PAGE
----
And This Is Zotac’s Low End RTX 3090!
The ZOTAC GAMING GeForce RTX 3090 Trinity doesn’t have extra fancy RGBs nor integrated watercooling, it is more or less a reference RTX 3090, though not at the reference MSRP … of course. There is an RTX 3090 Trinity OC model which is technically overclocked as the Boost Clock has been raised from 1695MHz to 1710MHz, but the 24GB of GDDR6X memory running at 19.5 Gbps so the additional cost for the overclocked model seems a poor investment. The two Trinity models definitely have some RGBs on the 2.5 slot IceStorm 2.0 Advanced Cooling top and sides.
The keys to running an RTX 3090 successfully are cooling and power delivery, thanks to it’s 350W TDP. The card can actually pull more power than that at full tilt assuming your system can simultaneously deliver that power, and keep the GPU cool enough it doesn’t thermally throttle. That can be handled in part by the IceStorm but your case also plays a huge part.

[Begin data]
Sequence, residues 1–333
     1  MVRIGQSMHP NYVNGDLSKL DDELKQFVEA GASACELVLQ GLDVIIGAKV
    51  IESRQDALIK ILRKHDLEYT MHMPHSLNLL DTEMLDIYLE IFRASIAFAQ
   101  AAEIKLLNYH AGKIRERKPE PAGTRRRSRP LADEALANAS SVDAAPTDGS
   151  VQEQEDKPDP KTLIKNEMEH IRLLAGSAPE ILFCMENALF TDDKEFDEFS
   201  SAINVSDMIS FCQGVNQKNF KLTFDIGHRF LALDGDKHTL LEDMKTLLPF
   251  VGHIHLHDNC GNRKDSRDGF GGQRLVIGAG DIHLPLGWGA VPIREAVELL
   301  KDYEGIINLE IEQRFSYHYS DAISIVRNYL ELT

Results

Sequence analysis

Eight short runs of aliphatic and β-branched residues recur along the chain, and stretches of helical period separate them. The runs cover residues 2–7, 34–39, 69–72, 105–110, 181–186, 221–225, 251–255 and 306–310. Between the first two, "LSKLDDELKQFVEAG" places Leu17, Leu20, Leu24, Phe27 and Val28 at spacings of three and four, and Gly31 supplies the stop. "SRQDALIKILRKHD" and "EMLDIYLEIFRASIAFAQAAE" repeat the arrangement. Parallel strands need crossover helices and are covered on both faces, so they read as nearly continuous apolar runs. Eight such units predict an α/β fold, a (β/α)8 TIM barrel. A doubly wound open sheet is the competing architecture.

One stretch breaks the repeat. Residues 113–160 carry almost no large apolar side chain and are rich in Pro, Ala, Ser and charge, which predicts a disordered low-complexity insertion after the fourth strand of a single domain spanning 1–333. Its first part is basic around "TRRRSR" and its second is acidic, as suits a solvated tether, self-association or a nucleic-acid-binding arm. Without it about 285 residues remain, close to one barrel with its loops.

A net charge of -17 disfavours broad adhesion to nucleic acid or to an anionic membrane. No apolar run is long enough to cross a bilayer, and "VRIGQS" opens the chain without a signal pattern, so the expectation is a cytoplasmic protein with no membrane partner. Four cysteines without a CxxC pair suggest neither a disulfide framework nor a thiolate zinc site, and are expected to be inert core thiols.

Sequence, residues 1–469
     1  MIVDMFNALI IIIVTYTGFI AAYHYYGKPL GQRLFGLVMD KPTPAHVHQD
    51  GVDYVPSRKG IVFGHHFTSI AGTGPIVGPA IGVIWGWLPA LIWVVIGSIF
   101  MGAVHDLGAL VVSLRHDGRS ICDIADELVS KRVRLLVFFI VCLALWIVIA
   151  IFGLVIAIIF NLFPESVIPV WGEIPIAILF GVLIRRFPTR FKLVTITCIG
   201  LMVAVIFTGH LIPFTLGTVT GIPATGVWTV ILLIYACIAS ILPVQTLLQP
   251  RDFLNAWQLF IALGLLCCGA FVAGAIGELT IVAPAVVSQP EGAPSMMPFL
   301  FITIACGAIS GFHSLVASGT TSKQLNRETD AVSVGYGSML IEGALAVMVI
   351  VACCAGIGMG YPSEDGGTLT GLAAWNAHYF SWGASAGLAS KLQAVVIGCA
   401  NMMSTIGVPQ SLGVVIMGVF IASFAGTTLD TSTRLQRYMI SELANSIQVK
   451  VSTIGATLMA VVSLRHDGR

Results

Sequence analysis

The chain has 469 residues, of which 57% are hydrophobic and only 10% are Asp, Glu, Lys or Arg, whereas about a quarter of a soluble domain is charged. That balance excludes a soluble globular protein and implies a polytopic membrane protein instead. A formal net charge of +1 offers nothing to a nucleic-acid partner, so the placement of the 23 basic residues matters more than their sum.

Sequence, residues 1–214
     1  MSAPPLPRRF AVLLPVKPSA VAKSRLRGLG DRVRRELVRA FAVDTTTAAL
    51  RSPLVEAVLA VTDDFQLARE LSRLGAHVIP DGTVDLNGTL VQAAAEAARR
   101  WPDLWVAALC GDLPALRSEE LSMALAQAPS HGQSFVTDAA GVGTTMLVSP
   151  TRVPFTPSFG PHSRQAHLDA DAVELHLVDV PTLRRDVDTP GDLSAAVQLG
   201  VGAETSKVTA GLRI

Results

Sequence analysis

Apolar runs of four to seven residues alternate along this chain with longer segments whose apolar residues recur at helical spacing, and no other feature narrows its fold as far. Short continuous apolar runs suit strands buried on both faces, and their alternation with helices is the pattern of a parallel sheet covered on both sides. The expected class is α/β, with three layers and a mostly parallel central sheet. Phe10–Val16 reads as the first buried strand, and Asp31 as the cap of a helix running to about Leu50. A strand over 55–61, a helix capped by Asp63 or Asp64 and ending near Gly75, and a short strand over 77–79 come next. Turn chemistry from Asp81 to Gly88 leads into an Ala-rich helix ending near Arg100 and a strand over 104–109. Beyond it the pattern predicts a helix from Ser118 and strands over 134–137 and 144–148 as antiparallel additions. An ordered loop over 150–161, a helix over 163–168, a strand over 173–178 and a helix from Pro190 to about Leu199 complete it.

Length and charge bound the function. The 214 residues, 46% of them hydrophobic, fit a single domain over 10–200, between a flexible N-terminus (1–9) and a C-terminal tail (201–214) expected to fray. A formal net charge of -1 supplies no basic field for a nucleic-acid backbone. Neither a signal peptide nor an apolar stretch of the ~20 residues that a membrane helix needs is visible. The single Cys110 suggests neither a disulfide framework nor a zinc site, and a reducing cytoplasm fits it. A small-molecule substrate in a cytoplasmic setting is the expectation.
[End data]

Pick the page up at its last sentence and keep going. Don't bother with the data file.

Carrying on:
It was the power draw that proved a problem, on the software side as opposed to the hardware side. No matter what The FPS Review tried, the ZOTAC Firestorm utility would not save the power limits beyond 100%, it’s not that you can’t increase it to 110% but that the software would never save that change. The thermals were definitely not an issue, they never saw a temperature much higher than 80C, so if ZOTAC can fix the software bug you should be able to squeeze a bit more from the ZOTAC GAMING GeForce RTX 3090 Trinity.
That patch should be distributed long before you see this and other cards price’s start to creep back to MSRP.
Today, we are evaluating the ZOTAC GAMING GeForce RTX 3090 Trinity video card ZT-A30900D-10P. It is one of five GeForce RTX 3090 series offerings from ZOTAC.